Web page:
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Washington Nationals’ starter Joe Ross gets by without best stuff against NY Yankees...

Joe Ross walked five batters and struggled with his command, but managed to limit the damage in NY.

MLB: Washington Nationals at New York Yankees Vincent Carchietta-USA TODAY Sports

With the exception of one rough outing (in which he gave up eight hits, three walks, and 10 runs in 4 13 innings pitched), Joe Ross has been a solid performer in the Nationals’ rotation this season, with 16 hits and three runs allowed in 22 13 IP in his other four appearances (for a 4.39 ERA and 5.68 FIP on the year) before Sunday’s start against the New York Yankees.

The last start before his turn in the rotation in the series finale with the Yankees in Yankee Stadium, was a 5 13-inning appearance at home against Atlanta which saw the 27-year-old righty give up five hits, two walks, and two earned runs in what ended up a 6-1 loss to the Braves.

“I wouldn’t say I had my best stuff really by any means,” Ross said of the outing against the Nationals’ NL East rivals.

“I don’t know. Location wise definitely not, but they made some really good plays, so kind of kept me in there for a little ... stayed close their till the end, but kind of got blown up in the sixth.”

“Felt like I was searching a little bit there towards the middle of the outing, but had to figure it out, and got to figure it out for my next start, and see what I can do to get back on track a little bit.”

Walks hurt Ross early on Sunday, as he worked around free passes in the first two innings, before leadoff and one-out walks in the bottom of the fourth led to the home team’s first run.

Brett Gardner, who took the first of two free passes, scored from second on a one-out RBI single by Aaron Hicks to make it 1-0 Yankees after three.

Ross gave up just one hit through four, and worked around DJ LeMahieu’s one-out single in the fifth, but Gleyber Torres hit a solo shot to left-center on a 2-0 sinker up in the zone in the first at bat of the sixth, 2-0, and the fifth walk of the game by the Nationals’ starter in the next at bat ended his outing...

Joe Ross’s Line: 5.0 IP, 3 H, 2 R, 2 ER, 5 BB, 7 Ks, 1 HR, 97 P, 53 S, 5/2 GO/FO.

The Nationals tied things up at 2-2 on a two-run shot by Kyle Schwarber in the seventh, but lost it in the ninth when Brad Hand struggled again, and the Yankees walked off on a single by Giancarlo Stanton.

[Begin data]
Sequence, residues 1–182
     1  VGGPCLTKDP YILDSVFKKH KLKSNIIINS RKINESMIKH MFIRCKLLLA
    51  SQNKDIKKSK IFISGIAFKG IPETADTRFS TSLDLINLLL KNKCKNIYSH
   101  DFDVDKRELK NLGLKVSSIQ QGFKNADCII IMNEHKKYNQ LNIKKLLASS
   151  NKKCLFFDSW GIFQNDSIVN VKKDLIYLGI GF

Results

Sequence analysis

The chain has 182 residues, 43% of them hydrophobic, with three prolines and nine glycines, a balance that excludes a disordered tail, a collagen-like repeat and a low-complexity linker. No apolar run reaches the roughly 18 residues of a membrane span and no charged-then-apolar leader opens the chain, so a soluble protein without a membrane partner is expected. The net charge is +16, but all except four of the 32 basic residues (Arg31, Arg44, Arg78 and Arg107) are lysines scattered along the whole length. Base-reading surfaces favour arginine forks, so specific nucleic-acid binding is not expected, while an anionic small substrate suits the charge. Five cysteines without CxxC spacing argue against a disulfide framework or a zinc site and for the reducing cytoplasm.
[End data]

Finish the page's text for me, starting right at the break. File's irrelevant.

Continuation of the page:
“Overall results were I guess pretty good,” Ross said when asked to assess his outing.

“But just getting behind, wasting way too many pitches, a lot of 3-2 counts, I feel like when I’m at my best, I’m kind of getting ahead, making it short ABs for four or five pitches, and just trying to attack the zone, but I was missing high a lot with the fastball and kind of had to battle out of some situations with runners on.”

“He was just missing,” manager Davey Martinez said after the loss.

“When he’s down he’s good. His slider was a little off today, but he made some decent ones when he needed to. But when he’s really effective, his ball is down, it’s moving in-out, today he wasn’t there, but like I said, his stuff is really good, his fastball was moving all over that he still was able to get outs.”

Considering that neither the manager or starter believed he had his best stuff, was the fact that Ross was able to limit the damage to two runs in five-plus inning a positive sign?

“It was absolutely great,’ Martinez said. “... and especially for him too, knowing that, ‘Hey, I can get through this. My stuff wasn’t great today, but I can get through it.’ And he gave us everything he had.”

“Yeah, I mean, like I said,” Ross agreed, “I felt like as far as the runs allowed — I think had five walks, maybe, so it was good to kind of work out of jams and stuff like that, but I kind of dug myself into a hole in the third inning I think it was, leadoff walk and then another walk to Stanton, but overall I felt good and just kind of have to pick the few things that I think I did well out and carry that into the next outing.”